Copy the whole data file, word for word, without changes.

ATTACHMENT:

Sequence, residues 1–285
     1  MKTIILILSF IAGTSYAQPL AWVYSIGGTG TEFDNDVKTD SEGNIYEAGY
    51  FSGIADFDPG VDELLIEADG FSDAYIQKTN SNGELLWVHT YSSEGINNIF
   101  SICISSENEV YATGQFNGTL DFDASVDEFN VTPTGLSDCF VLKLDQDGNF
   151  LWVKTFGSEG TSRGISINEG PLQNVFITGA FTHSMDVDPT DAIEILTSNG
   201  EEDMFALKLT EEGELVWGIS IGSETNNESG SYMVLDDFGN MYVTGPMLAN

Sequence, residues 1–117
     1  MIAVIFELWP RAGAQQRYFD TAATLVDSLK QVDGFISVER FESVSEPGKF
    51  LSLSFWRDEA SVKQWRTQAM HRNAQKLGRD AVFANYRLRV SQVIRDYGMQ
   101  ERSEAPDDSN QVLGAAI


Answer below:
Sequence, residues 1–285
     1  MKTIILILSF IAGTSYAQPL AWVYSIGGTG TEFDNDVKTD SEGNIYEAGY
    51  FSGIADFDPG VDELLIEADG FSDAYIQKTN SNGELLWVHT YSSEGINNIF
   101  SICISSENEV YATGQFNGTL DFDASVDEFN VTPTGLSDCF VLKLDQDGNF
   151  LWVKTFGSEG TSRGISINEG PLQNVFITGA FTHSMDVDPT DAIEILTSNG
   201  EEDMFALKLT EEGELVWGIS IGSETNNESG SYMVLDDFGN MYVTGPMLAN

Sequence, residues 1–117
     1  MIAVIFELWP RAGAQQRYFD TAATLVDSLK QVDGFISVER FESVSEPGKF
    51  LSLSFWRDEA SVKQWRTQAM HRNAQKLGRD AVFANYRLRV SQVIRDYGMQ
   101  ERSEAPDDSN QVLGAAI